Over the course of his life, Hopkins had struggled with alcoholism and depression. Perhaps these demons, combined with his own personal feelings of betrayal, and the distress he felt at his music making his ex-bandmates rich and famous all proved too much. In 1993, he shot himself in the head in his own apartment.

Danny Kirwan succumbs to the Fleetwood Curse

Fleetwood Mac is a band that — to put it mildly — is not unfamiliar with the occasional tumultuous lineup change. In fact, the only two members who have remained in the band since its inception in the late '60s are Mick Fleetwood and John McVie. Aside from them, it's pretty much a free-for-all. Among the many casualties of Fleetwood Mac is Danny Kirwan.

Kirwan joined the band in 1968 at the age of 18. The other band members at the time were McVie, Fleetwood, Peter Green, and Jeremy Spencer — and they were more of a blues outfit than the anthemic rock outfit they would later become. Kirwan stuck with the band even as Green and Spencer departed for pastures new, but he still wouldn't quite make it to the big time. His issues with alcoholism and mental health made him too difficult to work with. He was forced out of the group in 1972.

Al Bryant's demons get the better of him

Elbridge Bryant, known to his friends as "Al," was a member of The Distants from their formation right through to their rebranding, first as The Elgins and then, after being signed to Motown, as The Temptations. The group first appeared in the R&B charts in 1962 with a handful of successful songs (and a brief, unfortunate third rebranding which led them to become The Pirates), but failed to really take off until 1964, when they released "The Way You Do the Things You Do," their first Top 20 hit.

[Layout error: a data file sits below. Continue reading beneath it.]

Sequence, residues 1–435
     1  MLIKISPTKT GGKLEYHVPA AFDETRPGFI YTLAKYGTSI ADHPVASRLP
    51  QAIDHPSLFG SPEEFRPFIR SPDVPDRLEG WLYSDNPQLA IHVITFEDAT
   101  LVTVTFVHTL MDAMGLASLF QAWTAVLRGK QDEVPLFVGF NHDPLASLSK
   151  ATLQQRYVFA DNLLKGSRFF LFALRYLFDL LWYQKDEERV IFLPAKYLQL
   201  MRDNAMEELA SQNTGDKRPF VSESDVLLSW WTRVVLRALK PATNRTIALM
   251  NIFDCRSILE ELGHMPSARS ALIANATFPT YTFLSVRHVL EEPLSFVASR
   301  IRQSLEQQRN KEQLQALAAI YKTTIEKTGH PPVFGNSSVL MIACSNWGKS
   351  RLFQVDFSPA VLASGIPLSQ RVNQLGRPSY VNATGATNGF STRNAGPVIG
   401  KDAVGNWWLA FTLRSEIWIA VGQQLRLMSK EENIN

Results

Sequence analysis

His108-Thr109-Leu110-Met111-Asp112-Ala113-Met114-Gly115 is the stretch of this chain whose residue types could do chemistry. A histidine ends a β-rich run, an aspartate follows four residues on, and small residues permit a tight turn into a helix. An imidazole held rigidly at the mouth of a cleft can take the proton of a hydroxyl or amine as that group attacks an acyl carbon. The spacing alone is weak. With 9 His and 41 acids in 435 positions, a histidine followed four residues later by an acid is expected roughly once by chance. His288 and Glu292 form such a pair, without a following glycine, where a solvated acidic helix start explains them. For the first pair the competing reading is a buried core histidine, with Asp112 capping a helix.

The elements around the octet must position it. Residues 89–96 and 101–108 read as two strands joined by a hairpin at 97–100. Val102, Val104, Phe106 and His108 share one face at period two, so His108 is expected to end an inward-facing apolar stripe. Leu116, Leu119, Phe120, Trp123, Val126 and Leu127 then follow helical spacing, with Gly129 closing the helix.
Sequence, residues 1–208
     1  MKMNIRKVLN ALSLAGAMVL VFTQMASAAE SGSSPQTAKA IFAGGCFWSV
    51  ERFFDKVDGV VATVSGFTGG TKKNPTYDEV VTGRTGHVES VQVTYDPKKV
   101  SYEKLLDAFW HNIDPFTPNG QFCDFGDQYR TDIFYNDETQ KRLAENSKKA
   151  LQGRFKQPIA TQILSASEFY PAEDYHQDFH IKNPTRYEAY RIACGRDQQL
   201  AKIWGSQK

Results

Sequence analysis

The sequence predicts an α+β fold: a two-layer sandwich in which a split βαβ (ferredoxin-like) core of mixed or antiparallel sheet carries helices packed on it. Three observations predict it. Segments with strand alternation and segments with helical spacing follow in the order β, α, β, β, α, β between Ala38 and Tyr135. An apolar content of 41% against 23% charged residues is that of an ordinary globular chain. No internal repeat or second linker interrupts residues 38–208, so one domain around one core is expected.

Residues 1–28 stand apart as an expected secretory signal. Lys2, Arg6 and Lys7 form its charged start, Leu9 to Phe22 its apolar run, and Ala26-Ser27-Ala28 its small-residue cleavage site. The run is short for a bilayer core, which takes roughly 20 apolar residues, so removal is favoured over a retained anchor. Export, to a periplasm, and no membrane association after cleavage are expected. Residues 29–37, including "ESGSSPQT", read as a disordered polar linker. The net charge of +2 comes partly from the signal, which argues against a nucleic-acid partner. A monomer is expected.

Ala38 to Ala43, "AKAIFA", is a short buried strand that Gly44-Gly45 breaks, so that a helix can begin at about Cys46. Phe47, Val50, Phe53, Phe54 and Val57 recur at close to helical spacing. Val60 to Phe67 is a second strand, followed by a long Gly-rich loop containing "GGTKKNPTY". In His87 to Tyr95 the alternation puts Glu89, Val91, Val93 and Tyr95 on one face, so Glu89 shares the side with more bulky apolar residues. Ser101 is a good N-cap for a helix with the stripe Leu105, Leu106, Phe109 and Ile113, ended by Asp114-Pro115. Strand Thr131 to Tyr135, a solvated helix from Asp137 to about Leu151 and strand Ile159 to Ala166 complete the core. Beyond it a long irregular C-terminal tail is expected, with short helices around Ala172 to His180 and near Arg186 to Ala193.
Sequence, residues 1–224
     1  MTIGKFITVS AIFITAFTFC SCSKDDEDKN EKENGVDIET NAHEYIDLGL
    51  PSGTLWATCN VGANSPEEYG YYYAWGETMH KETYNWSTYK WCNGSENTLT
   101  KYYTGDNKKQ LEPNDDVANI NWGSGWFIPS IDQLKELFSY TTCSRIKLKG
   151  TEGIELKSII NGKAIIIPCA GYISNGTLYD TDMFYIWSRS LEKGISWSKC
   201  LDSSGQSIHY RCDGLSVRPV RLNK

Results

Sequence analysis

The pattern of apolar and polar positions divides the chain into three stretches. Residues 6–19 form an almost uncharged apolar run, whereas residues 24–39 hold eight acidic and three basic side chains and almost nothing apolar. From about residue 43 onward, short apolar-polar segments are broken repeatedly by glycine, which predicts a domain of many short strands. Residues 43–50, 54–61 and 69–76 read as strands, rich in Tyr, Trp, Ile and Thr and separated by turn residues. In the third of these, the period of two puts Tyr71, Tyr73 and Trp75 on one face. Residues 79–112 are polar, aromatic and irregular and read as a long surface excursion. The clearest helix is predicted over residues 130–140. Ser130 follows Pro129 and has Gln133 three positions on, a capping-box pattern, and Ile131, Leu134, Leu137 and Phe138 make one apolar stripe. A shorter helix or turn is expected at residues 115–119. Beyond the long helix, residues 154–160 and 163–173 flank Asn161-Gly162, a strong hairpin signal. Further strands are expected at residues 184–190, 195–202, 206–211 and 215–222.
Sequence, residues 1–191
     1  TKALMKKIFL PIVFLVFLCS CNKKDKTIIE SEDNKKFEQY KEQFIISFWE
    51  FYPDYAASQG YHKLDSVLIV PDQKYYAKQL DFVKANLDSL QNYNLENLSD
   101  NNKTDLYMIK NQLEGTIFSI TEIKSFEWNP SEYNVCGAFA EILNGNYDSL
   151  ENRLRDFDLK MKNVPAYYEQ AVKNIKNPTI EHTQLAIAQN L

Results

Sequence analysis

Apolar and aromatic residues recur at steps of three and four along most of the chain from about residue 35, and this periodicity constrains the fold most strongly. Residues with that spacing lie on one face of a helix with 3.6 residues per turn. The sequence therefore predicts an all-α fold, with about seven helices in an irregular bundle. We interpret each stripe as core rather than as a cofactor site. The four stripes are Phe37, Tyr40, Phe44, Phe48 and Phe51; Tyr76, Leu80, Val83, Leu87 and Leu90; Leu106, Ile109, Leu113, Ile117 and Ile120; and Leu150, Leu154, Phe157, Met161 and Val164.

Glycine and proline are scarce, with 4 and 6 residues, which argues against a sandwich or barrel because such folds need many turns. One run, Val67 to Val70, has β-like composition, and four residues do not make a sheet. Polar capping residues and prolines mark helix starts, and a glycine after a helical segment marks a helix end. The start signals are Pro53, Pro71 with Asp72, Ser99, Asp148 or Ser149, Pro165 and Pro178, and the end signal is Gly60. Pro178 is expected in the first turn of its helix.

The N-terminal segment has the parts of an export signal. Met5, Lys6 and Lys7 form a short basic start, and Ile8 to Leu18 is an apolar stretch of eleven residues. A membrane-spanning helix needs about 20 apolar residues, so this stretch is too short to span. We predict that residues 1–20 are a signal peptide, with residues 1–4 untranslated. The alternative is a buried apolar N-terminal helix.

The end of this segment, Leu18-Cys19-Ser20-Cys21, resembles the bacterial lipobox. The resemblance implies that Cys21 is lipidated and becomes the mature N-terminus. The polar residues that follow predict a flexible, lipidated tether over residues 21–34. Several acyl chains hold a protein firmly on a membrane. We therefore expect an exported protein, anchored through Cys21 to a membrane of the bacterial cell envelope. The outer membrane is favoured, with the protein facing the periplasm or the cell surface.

Bryant was the oldest of the group, but he had become a heavy drinker earlier in life. In 1963, about a year before that first hit, he had been kicked out of the group. His alcoholism caused erratic behavior and had begun to threaten the fabric of the team. By 1975, he was dead after a long fight with cirrhosis of the liver.

Pete Willis is forced into a drastic career change

Pete Willis was a founding member of Def Leppard, having met fellow bandmates Rick Savage and Tony Kenning at school during the '70s. Willis was with the band during the recording and release of their first two albums, On Through the Night and High 'n' Dry, both of which helped to put Def Leppard's name on the map. During the recording of Pyromania, however, things turned sour. Willis had a serious drinking problem to the point that he had become unable to play in the studio. The album's producer, Mutt Lange, refused to work with him again, and the rest of the band decided he had to go.